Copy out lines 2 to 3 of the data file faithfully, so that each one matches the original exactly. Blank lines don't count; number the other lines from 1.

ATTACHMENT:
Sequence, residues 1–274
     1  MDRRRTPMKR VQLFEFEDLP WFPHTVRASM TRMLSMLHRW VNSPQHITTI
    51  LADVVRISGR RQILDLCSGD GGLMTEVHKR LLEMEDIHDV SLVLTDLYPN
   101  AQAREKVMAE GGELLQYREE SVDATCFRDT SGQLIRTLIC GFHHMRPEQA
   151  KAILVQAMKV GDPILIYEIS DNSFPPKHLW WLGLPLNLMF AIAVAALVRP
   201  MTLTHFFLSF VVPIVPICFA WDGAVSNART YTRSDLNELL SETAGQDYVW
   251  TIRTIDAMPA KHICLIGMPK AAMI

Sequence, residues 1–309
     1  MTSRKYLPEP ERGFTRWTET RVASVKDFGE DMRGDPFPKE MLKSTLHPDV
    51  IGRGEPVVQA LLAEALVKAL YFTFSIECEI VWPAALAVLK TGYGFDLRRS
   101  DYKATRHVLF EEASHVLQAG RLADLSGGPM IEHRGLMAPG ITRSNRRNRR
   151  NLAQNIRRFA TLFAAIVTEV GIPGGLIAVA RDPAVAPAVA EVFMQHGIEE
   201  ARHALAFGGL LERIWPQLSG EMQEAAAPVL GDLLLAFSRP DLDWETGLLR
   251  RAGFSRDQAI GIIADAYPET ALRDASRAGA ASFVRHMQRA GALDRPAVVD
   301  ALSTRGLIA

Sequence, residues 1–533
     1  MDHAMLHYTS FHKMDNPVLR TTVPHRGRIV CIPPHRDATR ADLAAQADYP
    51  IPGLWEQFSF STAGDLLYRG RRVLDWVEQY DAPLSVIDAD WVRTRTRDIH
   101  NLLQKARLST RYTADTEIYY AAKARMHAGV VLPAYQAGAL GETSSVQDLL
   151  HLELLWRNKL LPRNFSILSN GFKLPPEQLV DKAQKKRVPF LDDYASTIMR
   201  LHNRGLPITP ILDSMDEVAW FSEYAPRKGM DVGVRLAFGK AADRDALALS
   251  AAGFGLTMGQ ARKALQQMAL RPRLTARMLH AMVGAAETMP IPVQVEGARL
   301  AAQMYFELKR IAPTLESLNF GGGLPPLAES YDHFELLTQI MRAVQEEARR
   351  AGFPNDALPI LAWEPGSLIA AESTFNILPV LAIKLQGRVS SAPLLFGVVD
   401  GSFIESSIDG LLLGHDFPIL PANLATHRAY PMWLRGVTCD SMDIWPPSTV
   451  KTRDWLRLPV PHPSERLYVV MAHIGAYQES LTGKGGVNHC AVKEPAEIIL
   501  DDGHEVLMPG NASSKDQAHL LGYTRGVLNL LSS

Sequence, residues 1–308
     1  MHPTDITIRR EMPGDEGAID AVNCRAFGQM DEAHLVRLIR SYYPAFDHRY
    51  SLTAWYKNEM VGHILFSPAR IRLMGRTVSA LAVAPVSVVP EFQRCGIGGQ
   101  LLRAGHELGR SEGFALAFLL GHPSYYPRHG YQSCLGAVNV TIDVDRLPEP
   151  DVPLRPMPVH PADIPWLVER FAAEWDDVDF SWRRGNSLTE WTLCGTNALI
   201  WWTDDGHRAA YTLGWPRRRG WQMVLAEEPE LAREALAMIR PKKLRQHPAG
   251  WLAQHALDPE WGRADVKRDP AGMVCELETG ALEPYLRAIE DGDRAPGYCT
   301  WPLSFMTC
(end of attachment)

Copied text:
     1  MDRRRTPMKR VQLFEFEDLP WFPHTVRASM TRMLSMLHRW VNSPQHITTI
    51  LADVVRISGR RQILDLCSGD GGLMTEVHKR LLEMEDIHDV SLVLTDLYPN